Take the issue of forced arbitration and gender discrimination. Last year, we closed out the summer with Roger Ailes trying to force Gretchen Carlson’s sexual harassment lawsuit into private, secret “forced arbitration,” sparking outrage. (He eventually gave up and settled.)
This year - actually today as we write this - the importance of class action lawsuits to remedy systemic gender workplace discrimination is the topic of a powerful new New York Times op ed from Anita Hill, titled, "Class Actions Could Fight Discrimination in Tech.” As one reader wrote, “Anita Hill has earned her wisdom the hard way, and her advice should be taken seriously by women employed in the tech industry.” So heed these words:
The tech industry is stuck in the past, more closely resembling “Mad Men”-era Madison Avenue or 1980s Wall Street than a modern egalitarian society. It may take the force of our legal system to change that.…
We can’t afford to wait for the tech industry to police itself — and there are few indications that it will ever do so. …
Instead, women in the industry should collectively consider their legal options. Top among these would be class-action discrimination cases against employers.
The tech sector is not the first white-collar “boys’ club” to demand an industrywide correction. In the 1990s, Wall Street firms faced a slew of class-action discrimination lawsuits. Perhaps the most notable was the 1996 “Boom-Boom Room” case. A group of 23 women filed a class-action lawsuit against the Smith Barney stock brokerage firm, charging it with rampant harassment and gender discrimination. By the time Smith Barney settled the case for $150 million, nearly 2,000 women had joined the suit and helped expose a culture of sexism to the outside world.
As a result of this and other cases that similarly challenged systemic practices at other Wall Street firms, many of these companies now have more extensive human-resource policies addressing sexual harassment and gender discrimination. While pay and promotion discrimination still exists, more women on Wall Street are advancing in their careers to managing directorship and other leadership roles. The lesson of these cases is clear: Class-action lawsuits can force industrywide change, even in the most entrenched, male-dominated industries.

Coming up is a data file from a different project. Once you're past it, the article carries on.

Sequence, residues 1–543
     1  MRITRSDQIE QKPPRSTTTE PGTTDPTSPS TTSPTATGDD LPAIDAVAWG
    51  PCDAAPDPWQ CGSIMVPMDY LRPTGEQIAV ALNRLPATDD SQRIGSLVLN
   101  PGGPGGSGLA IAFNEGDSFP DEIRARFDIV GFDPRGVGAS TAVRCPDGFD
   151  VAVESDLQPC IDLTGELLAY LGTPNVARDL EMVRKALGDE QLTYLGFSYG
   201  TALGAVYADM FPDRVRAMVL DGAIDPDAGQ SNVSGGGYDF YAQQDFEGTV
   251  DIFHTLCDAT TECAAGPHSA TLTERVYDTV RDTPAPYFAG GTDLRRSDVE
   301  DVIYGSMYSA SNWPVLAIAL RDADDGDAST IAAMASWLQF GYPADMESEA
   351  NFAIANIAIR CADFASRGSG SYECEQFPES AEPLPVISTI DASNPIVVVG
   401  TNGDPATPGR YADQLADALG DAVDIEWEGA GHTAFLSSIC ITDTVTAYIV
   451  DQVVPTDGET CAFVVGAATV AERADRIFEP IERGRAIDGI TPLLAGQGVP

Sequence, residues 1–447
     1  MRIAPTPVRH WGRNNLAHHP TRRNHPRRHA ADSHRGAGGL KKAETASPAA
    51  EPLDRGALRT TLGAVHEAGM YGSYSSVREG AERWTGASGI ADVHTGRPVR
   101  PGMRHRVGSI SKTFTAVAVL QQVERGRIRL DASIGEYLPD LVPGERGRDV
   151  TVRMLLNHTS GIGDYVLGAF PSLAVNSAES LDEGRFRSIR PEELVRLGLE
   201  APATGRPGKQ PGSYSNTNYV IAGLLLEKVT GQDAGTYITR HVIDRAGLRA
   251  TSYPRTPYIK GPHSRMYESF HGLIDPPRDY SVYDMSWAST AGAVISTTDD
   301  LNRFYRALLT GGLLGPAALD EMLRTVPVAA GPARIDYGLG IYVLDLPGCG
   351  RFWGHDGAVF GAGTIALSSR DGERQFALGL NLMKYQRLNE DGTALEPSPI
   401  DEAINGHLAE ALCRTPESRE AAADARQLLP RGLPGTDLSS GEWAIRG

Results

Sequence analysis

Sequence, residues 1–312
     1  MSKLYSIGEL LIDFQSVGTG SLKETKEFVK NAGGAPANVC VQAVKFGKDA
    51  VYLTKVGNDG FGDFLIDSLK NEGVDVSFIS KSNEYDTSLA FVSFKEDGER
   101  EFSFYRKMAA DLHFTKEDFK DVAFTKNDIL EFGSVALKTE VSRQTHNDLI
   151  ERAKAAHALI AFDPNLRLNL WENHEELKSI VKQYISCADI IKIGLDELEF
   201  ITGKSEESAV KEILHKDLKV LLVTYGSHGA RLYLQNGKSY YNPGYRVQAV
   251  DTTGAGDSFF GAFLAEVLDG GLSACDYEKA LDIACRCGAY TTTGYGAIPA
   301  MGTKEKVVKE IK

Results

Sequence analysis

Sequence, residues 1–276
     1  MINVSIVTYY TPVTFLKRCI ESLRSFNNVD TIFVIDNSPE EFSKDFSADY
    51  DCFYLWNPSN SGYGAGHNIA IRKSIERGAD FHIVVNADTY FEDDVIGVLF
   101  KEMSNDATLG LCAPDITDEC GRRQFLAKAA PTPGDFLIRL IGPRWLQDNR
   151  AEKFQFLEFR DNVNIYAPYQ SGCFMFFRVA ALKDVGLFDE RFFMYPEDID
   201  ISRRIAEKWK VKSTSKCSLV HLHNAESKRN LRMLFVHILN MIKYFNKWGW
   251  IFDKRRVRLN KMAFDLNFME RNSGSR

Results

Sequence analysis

Women in tech no doubt have hurdles to bringing class-action lawsuits, including the requisite preponderance of statistical evidence and the prevalence of confidentiality clauses and arbitration agreements, which are, in effect, designed to pre-empt class actions. But this challenge doesn’t mean the suits cannot be brought, or won. This is a route that the women of Silicon Valley should consider, especially if regulation is not an immediate and viable solution.
Unfortunately in many cases, forced arbitration clauses mean that "suits cannot be brought, or won," which is why Gretchen Carlson has become so active and outspoken on the issue. Every industry is trying to using these clauses to duck liability and responsibility for breaking laws and causing harm. Now they are getting some help from the Trump administration. In fact, if you can’t get enough of forced arbitration this summer, do check out the Center for Justice & Democracy’s comments to nasty Trump agencies that want to force arbitration on abused and neglected nursing home patients and defrauded students.
- Comments Objecting to CMS Forced Arbitration Rule for Nursing Homes
- Comments Objecting to Department of Education Forced Arbitration Class Action Waiver Actions
Summer o’fun, what can we say?
Ponder all of that for a few weeks, loyal readers. We’ll be trekking around some mountain somewhere, hoping to forget the damage our President is doing, and hoping for a much better Fall (as in “season,” not “off the mountain”). You get it, right? See you after Labor Day!